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Their stuff missing, money gone. Here's why it's not a crime

Her mother died and she hired an estate sale business to help sell her belongings from the large 5-bedroom home. Little did she know, years later she still wouldn't see a dime.

SUWANEE, Ga. -- Police call it stealing, but won't arrest the woman accused. While the word itself sounds like a crime, in this case, they say, it's not.

This has left a handful of families on their own in their search for accountability. For nearly a year, 11Alive Investigator Rebecca Lindstrom has pushed for the truth.

Amy Cantando is the latest in the group of families trying to collect money owed from an estate sale business owner, Kathy Dove.

Cantando lives in North Carolina, so when her mother died in Georgia, she hired Dove’s company to handle her mom’s belongings.

“We actually sold the house a lot more quickly than we expected and one of the conditions was a fast closing,” explained Cantando.

Dove did hold a sale and she did clear the five-bedroom home in Suwanee of just about everything in it. But nearly 3 years later, Cantando says she has yet to be paid.

“I turned the keys over to Kathy and everything just disappeared,” said Cantando. "She emptied my mother’s entire home. Her jewelry, her clothes, furniture, everything.”

Dove did send a check for a portion of the proceeds, but it was written to a fictitious person and couldn’t be cashed. Cantando alerted Dove to the error but says that’s when all communication stopped.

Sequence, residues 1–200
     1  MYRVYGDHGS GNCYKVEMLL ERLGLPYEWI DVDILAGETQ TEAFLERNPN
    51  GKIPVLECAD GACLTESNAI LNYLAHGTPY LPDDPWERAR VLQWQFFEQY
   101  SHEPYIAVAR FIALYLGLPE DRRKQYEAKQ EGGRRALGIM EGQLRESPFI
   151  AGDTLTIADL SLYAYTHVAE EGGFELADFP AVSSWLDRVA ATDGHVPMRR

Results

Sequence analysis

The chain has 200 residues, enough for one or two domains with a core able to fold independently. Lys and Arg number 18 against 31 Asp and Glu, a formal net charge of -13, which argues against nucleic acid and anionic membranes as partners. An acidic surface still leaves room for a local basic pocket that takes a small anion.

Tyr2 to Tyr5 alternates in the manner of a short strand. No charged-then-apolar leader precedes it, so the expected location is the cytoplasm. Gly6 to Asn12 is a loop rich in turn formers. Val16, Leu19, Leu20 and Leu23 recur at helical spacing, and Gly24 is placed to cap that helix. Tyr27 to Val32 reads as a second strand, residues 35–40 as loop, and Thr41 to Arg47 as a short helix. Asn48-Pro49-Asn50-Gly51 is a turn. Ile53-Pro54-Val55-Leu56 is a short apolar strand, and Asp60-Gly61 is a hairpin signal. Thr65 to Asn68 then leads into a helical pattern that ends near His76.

Cantando filed a civil lawsuit in Barrow County, which Dove filed papers to fight. But the day they were to present their cases in court, Dove didn’t show up. A judge ruled in Cantando’s favor, ordering Dove to pay more than $14,000. Even with the judgment, Cantando hasn’t seen a dime and until the matter is resolved, she can’t close out her mom’s estate, adding even more attorney and court costs.

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Driving down from North Carolina with her family, Cantando came prepared for court. Another victim who claimed Dove refused to pay her after she hired the company for an estate sale came to court as a witness for Cantando.

Another witness who showed up had intimate knowledge of not only Dove and her company, but also the exact items that were in the home. Melanie Wright was an employee of Dove's and handled the estate of Cantando's mother.

We tried to talk with Dove after hearing a similar story from Rebecca Charles. She hired Dove for an estate sale to help pay for her mom’s medical care.

“There have been nights I did not sleep because, this is 40 years of my mother’s stuff,” said Charles, sitting in a room with what’s left of her mother’s belongings.

Earlier this year, Dove did open an antique store in Auburn, where inside, families say they found her selling their stuff without permission. Any items they had agreed to let her use for consignment, were placed on an inventory list. These items were not on that list. Regardless, they say Dove has never paid them for either.

“She shouldn't have that. She didn’t claim it was sold, she didn’t take it for consignment. It just vanished. There were a lot of things that just… my mom’s entire dining room set, not on the sales log, not on consignment. What happened?” asks Cantando.